Legislative Assembly for the ACT: 2003 Week 14 Hansard (11 December) . . Page.. 5265..
MR WOOD (continuing):
presented. The department has identified several inadvertent errors and omissions in the tabled 2002-03 annual report.
The department advises that, in particular, a series of graphs contained within volume 2 had inaccuracies that were caused by typesetting errors. I am also re-tabling the revised volume 1 and 2 for members' information. The chair of the Standing Committee on Community Services and Social Equity has been advised of the errors and omissions and provided with this data.
Gene Technology (GM Crop Moratorium) Bill 2003
MR CORBELL (Minister for Health and Minister for Planning) (3.52): For the information of members, I present the following paper:
Gene Technology (GM Crop Moratorium) Bill 2003 - Exposure Draft.
That the Assembly takes note of the paper.
In June this year the government issued its response to the Standing Committee on Health's inquiry into the Gene Technology Bill 2002. Of particular note was the government's response to recommendation 3 in which the government declared a three-year moratorium on the commercial release of GM food crops and foreshadowed the introduction of legislation to give effect to the moratorium.
The ACT government supports and is a participant in the national regulatory framework for gene technology. Under the framework agreed between the Commonwealth, states and territories, the Gene Technology Regulator is responsible for assessing and managing risks to human health and safety, and to the environment, while the states and territories are able to take action to manage the marketing implications of the commercial release of genetically-modified food crops.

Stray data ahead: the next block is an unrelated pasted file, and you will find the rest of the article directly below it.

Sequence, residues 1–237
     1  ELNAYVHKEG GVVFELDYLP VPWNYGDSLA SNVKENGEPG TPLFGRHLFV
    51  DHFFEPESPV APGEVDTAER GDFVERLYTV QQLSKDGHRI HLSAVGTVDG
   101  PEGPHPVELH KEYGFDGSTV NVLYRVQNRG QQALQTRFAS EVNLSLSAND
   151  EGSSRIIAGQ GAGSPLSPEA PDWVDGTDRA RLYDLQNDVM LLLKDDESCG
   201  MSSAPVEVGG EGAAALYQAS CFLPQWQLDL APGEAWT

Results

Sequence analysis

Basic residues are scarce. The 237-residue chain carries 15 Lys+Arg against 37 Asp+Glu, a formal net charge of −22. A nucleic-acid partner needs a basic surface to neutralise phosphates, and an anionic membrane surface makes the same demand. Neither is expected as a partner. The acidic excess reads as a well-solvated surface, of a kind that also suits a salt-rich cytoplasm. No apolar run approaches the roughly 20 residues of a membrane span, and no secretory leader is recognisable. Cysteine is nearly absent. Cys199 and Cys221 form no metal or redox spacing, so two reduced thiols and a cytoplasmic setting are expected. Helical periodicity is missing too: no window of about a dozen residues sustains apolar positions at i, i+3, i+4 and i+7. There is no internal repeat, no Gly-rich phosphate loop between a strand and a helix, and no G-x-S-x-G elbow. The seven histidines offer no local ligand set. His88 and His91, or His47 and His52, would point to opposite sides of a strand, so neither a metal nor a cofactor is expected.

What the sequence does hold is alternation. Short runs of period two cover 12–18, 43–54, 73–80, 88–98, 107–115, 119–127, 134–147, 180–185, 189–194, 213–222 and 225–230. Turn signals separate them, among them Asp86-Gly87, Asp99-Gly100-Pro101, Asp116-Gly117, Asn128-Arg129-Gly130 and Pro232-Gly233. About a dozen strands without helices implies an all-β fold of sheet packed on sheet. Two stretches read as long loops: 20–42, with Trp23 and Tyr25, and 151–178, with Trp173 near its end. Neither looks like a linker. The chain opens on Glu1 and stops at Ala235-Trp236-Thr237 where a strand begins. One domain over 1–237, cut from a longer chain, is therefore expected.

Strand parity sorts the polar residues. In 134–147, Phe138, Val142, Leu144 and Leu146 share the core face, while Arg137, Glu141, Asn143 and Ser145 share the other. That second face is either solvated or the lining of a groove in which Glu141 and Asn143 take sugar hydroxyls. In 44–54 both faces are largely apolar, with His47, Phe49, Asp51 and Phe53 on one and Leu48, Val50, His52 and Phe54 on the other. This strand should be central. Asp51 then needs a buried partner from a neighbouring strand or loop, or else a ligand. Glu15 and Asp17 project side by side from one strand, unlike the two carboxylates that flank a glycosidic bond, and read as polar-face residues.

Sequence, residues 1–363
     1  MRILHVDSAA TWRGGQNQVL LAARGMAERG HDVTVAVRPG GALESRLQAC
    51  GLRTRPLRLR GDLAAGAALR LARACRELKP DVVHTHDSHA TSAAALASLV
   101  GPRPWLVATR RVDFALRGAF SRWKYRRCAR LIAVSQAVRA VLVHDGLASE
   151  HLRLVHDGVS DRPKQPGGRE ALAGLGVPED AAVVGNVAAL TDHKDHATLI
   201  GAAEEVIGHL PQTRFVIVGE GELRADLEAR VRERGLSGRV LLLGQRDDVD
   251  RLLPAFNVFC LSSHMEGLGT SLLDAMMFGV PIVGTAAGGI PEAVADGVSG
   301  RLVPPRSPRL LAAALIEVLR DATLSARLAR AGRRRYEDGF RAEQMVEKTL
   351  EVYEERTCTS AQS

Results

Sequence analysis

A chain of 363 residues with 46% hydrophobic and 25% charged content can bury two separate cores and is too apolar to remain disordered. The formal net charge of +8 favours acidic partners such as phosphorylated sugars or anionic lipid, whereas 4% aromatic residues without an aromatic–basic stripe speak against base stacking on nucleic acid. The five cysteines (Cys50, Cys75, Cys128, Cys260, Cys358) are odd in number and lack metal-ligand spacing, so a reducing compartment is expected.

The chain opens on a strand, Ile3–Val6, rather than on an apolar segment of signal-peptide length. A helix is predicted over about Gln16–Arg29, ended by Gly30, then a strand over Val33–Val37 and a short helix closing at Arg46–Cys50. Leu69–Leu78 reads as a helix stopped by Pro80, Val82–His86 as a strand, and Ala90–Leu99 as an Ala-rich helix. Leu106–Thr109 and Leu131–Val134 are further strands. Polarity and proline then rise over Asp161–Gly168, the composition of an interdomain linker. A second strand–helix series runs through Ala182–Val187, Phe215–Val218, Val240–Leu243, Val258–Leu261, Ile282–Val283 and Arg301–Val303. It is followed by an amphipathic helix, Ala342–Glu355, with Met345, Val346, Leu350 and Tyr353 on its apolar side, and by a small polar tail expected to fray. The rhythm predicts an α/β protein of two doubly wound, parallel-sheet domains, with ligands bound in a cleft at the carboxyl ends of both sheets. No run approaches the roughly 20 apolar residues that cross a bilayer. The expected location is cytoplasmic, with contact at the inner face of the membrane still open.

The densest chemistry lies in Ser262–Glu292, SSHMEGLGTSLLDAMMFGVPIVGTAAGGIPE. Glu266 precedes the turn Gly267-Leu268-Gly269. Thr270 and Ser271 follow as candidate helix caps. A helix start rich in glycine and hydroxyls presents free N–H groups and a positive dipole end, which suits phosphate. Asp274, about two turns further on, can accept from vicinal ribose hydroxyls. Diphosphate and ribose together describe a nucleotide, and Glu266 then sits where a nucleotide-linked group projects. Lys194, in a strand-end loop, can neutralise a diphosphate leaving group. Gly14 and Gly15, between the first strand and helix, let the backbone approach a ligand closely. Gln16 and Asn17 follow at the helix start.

In line with the government's commitment, I am tabling today an exposure draft of the Gene Technology (GM Crop Moratorium) Bill 2003. The bill seeks to prohibit the commercial production of certain genetically modified food crops in the territory for a period of three years. It is important to introduce this exposure draft today to enable broad consultation to take place on it. I welcome the involvement of members, stakeholders and interest groups in this process.
The moratorium will provide the ACT community with time to evaluate any impacts from the introduction of genetically modified food crops on the marketing of non-genetically modified food crops.
The safety assessment process for GM food is well-designed and rigorously carried out by the Office of the Gene Technology Regulator. Nevertheless, many consumers prefer to avoid GM food and, indeed, prefer food from regions that do not have GM crops. With proper regulation of GM food ensuring safety, this is not a health issue but a simple